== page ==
High-frequency trading can even help to scale back the impact of market inefficiencies by quickly identifying and exploiting mispricing out there. For example, HFT algorithms can detect when a selected stock is undervalued or overvalued and execute trades to make the most of these discrepancies. By doing so, this type of trading can assist to correct market inefficiencies and be sure that assets are priced more accurately.

a crowd of people move around a large room with big screens all over the place
Stock exchanges was filled with traders buying and selling securities, as on this scene from 1983. Today’s trading floors are increasingly empty as AI-powered computers handle increasingly more of the work.
AP Photo/Richard Drew

The downsides

But speed and efficiency can even cause harm.

HFT algorithms can react so quickly to news events and other market signals that they could cause sudden spikes or drops in asset prices.

Additionally, HFT financial firms are in a position to use their speed and technology to achieve an unfair advantage over other traders, further distorting market signals. The volatility created by these extremely sophisticated AI-powered trading beasts led to the so-called flash crash in May 2010, when stocks plunged after which recovered in a matter of minutes – erasing after which restoring about $1 trillion in market value.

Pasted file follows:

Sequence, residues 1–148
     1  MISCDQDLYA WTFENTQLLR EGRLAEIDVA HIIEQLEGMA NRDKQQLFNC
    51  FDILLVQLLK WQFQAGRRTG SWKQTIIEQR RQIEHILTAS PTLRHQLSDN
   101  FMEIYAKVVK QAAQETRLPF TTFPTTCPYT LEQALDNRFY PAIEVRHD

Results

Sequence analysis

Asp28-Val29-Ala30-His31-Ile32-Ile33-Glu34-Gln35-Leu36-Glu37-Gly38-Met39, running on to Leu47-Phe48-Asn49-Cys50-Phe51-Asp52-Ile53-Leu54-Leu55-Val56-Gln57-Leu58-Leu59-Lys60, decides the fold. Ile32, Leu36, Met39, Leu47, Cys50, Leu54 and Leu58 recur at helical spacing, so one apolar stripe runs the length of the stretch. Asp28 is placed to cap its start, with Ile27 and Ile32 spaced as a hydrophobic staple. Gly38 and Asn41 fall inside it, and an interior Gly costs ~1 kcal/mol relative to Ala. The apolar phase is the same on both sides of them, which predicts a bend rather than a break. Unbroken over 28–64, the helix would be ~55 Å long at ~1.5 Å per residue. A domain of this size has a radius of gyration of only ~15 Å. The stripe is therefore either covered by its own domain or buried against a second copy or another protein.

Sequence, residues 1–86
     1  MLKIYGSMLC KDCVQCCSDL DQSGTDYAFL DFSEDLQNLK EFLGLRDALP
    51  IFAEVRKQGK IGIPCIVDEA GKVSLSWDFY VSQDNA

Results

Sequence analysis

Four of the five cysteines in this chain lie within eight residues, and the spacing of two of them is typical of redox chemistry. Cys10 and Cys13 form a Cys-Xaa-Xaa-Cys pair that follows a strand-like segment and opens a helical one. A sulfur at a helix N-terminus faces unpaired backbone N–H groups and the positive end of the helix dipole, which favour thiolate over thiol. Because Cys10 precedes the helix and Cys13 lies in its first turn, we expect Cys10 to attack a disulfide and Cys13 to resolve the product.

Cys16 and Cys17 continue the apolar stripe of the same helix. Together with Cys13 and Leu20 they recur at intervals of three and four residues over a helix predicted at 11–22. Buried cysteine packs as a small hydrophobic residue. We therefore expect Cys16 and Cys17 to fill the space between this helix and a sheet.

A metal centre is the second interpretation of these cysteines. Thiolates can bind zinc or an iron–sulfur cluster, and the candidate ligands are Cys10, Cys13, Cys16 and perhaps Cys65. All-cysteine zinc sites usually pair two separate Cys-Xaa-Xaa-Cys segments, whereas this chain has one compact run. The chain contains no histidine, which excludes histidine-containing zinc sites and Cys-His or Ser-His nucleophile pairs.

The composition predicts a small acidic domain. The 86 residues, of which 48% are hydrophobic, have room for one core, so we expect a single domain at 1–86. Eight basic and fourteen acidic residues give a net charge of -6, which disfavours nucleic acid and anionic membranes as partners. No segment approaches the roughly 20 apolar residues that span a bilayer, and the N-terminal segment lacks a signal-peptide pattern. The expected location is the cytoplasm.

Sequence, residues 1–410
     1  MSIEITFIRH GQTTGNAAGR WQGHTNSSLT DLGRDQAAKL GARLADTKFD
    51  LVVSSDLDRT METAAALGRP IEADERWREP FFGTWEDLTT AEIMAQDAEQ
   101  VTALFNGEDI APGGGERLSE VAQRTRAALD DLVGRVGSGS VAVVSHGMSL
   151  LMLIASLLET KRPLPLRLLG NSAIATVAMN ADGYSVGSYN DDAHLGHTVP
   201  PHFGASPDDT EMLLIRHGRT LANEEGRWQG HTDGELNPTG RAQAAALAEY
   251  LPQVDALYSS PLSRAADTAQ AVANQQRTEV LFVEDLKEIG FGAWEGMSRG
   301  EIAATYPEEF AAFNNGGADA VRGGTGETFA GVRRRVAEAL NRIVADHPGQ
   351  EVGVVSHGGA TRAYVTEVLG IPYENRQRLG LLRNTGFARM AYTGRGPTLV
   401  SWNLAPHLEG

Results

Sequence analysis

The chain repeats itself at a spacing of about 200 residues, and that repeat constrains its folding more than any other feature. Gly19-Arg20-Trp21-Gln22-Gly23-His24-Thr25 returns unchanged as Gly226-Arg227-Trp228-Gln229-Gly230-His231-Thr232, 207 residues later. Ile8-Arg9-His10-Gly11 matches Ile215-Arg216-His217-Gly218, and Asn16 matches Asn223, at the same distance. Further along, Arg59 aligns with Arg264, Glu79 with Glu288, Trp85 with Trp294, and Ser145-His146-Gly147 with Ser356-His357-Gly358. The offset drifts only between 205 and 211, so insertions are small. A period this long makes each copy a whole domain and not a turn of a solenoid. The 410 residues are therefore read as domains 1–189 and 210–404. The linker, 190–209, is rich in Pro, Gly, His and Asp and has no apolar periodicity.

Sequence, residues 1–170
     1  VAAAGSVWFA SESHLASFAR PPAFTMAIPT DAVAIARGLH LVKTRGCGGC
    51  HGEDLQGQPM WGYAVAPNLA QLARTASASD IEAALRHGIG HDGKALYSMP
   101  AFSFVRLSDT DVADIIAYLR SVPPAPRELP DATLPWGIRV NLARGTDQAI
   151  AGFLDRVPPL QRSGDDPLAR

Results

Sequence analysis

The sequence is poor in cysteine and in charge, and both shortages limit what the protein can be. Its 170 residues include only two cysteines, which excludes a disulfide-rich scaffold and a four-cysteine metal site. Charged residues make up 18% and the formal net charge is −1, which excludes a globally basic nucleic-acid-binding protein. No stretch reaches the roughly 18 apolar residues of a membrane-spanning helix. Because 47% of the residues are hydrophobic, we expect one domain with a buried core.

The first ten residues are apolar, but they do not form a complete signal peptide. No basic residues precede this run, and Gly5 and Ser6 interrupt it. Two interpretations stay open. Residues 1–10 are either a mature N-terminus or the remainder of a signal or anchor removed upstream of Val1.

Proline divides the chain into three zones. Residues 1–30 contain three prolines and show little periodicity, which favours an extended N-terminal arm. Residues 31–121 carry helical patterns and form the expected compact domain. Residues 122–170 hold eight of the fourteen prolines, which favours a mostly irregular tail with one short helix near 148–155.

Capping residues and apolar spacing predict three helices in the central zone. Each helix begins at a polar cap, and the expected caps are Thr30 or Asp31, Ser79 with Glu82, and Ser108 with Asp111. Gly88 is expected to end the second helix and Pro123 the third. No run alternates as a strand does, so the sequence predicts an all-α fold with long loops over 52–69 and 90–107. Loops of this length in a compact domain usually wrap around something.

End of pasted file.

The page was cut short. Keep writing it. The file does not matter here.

Since then, volatile markets have grow to be the brand new normal. In 2016 research, two co-authors and I discovered that volatility – a measure of how rapidly and unpredictably prices move up and down – increased significantly after the introduction of HFT.

The speed and efficiency with which high-frequency traders analyze the information mean that even a small change in market conditions can trigger a lot of trades, resulting in sudden price swings and increased volatility.

In addition, research I published with several other colleagues in 2021 shows that almost all high-frequency traders use similar algorithms, which increases the chance of market failure. That’s because because the variety of these traders increases within the marketplace, the similarity in these algorithms can result in similar trading decisions.

This implies that all the high-frequency traders might trade on the identical side of the market if their algorithms release similar trading signals. That is, all of them might attempt to sell in case of negative news or buy in case of positive news. If there isn’t any one to take the opposite side of the trade, markets can fail.